The winding, uphill terrain to go Cingjing can cause motion sickness so it is important that you are comfortable on the ride. If you are going Cingjing, I highly recommend you to get a private hire because you will be sent to your accommodation directly. An option to consider is to take the shuttle bus from Cingjing but, you will have to drag your luggage from the bus stop all the way to your accommodation. If it starts raining, good luck!

Tip: You can check out our one-day Cingjing Day Tour or our Taichung one-day tour to Sun Moon Lake and Cinjing. Our 2 day Hehuanshan and Cingjing tour is also an option to consider.

Tip: Pack your jacket in your day pack.

Taroko Gorge National Park – Hualien

Credits to Toplu Bilgi on Flickr:

Sadly, nature was not on my side when we were visiting Taiwan as an earthquake hit the Eastern Coast days prior to our flight which made it dangerous to visit Taroko Gorge. Thus, we were left with no choice but to make different arrangements for our trip. Even then, Taroko National Park is on my top list simply because of how stunning it is through pictures. If given the opportunity to visit Taiwan again, I would go to Hualien just to see the Eternal Spring Shrine and Swallow Grotto in Taroko National Park. The most popular way to explore Taroko Gorge is through a private hire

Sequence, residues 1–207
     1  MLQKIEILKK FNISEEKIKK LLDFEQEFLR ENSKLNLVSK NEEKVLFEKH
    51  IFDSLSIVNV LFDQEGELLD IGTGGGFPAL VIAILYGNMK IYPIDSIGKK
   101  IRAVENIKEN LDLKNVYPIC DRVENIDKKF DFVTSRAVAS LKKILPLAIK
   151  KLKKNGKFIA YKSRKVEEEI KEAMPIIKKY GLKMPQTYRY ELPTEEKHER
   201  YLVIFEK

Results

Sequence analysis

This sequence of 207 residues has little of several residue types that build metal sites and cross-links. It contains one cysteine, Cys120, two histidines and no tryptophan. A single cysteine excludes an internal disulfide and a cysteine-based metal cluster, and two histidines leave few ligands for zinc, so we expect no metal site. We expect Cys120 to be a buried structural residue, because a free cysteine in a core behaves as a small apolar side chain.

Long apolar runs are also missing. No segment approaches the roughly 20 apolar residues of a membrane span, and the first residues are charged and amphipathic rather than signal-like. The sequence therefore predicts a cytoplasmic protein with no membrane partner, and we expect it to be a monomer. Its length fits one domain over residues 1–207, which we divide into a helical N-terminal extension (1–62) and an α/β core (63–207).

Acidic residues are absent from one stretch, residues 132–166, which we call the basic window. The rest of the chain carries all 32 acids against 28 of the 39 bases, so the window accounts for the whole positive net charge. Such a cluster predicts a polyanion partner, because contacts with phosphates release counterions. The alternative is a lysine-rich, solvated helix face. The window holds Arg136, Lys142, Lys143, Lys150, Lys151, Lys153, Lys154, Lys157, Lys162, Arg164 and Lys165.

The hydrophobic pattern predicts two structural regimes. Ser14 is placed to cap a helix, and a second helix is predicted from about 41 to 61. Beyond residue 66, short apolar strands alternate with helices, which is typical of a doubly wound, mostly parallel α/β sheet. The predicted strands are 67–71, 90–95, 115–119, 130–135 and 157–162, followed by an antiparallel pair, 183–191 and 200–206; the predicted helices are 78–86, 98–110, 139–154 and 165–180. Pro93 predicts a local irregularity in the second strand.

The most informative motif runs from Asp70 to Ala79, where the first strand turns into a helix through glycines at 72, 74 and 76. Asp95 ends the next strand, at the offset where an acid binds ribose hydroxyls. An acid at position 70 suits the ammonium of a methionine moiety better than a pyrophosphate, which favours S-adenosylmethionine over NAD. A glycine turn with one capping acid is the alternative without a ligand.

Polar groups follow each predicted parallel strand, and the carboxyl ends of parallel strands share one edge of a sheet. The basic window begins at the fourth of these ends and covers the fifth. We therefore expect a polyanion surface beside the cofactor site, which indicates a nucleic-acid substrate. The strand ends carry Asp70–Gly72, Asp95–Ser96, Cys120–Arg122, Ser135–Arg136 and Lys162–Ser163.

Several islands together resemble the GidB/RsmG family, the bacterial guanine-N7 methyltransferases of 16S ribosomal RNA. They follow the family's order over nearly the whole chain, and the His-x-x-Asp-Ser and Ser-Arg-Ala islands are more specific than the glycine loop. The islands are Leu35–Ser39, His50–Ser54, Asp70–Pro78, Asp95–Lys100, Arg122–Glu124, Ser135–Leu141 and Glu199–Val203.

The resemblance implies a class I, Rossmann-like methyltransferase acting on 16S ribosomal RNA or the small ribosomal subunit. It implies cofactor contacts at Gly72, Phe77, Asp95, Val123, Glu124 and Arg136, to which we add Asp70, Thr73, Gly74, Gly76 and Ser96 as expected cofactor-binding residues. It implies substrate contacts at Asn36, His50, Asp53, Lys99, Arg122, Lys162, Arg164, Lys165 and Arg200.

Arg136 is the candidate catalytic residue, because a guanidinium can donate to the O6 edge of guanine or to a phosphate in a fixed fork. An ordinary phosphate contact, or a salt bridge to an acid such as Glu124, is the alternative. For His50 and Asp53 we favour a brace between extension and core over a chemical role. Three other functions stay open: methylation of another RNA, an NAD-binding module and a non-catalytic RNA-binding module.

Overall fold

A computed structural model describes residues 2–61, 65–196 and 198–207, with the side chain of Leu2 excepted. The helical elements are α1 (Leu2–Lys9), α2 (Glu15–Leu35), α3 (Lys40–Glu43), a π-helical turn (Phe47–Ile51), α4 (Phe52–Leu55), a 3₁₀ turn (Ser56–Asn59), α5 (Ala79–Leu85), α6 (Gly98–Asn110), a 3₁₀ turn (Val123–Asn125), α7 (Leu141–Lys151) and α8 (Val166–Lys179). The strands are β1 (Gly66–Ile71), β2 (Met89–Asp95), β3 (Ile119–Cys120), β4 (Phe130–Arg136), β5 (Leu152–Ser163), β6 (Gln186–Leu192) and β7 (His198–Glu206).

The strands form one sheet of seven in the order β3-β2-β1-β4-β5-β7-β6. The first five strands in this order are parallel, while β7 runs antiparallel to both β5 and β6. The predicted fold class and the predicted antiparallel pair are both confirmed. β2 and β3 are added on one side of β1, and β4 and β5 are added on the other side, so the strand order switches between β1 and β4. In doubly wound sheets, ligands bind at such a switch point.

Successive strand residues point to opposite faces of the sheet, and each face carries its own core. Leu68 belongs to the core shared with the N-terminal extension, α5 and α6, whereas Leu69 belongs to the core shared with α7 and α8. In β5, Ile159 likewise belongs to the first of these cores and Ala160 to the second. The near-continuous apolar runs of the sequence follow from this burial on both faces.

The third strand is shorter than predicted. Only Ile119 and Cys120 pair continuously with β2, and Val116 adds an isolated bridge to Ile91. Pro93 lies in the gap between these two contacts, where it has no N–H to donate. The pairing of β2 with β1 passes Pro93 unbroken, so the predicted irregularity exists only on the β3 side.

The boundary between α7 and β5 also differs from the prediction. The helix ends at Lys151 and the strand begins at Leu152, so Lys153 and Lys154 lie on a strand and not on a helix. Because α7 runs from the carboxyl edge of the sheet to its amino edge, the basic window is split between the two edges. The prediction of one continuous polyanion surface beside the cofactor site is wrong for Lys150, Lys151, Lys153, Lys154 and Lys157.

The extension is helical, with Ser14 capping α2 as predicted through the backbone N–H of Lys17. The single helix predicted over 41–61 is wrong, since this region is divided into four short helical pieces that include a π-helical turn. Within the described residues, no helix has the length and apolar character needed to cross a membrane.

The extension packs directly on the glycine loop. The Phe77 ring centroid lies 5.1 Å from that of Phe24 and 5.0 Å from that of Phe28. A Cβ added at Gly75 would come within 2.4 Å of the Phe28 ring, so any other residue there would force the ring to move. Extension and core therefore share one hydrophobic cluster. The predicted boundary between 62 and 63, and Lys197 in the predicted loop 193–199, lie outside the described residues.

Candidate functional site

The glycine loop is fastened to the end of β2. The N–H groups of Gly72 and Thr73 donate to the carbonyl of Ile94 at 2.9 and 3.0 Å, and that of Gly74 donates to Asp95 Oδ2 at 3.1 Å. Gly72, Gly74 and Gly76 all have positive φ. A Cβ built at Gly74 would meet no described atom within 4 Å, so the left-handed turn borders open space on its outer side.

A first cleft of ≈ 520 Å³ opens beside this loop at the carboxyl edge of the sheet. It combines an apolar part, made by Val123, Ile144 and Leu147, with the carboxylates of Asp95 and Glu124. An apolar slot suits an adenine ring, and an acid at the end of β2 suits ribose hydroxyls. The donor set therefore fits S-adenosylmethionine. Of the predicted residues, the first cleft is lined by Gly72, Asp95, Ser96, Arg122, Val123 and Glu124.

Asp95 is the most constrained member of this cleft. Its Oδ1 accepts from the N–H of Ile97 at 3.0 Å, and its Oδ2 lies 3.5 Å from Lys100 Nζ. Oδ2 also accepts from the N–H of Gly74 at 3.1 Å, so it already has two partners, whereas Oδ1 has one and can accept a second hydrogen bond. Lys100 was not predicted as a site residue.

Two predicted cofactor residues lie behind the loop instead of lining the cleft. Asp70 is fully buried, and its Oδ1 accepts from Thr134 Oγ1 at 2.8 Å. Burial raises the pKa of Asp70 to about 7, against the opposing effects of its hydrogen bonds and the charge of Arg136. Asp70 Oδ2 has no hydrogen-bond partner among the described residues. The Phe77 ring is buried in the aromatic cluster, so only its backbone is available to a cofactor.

Fo Guang Shan Monastery – Kaohsiung

Fo Guang Shan is the largest Buddhist complex in Taiwan. Upon arrival at the Fo Guang Shan Monastery, the only word I had in mind was – humongous. I spent approximately 5 hours at the museum, thinking that I explored the entire area but I was wrong. To my disbelief, we only explored one out of the three sections and we didn’t even explore the main temple! There are restaurants, snack shops, souvenir shops and even Starbucks so you do not have to worry about meal plans.

To travel to Fo Guang Shan, you should take the Kaohsiung metro to Zuoying station (Also where the HSR is located) and take a bus straight to Fo Guang Shan. The buses available and the respective timetable can be found here. I would suggest spending at least half a day here so that you have sufficient time to appreciate and look at the museum!

If you only have a day or two in Kaohsiung, I suggest hiring a private driver to take you to the popular places in Kaohsiung which are: Fo Guang Shan, Lotus Pond and Cijin Island.

What to eat in Taiwan

Stinky Tofu

The crispy skin and chewy texture of the tofu drizzled with a savoury sauce is definitely a winner for me. As you bite into the succulent pieces of the tofu, the fragrance of the tofu goes up your nose. Honestly, I don’t think stinky tofu is as stinky as some people have described them to be.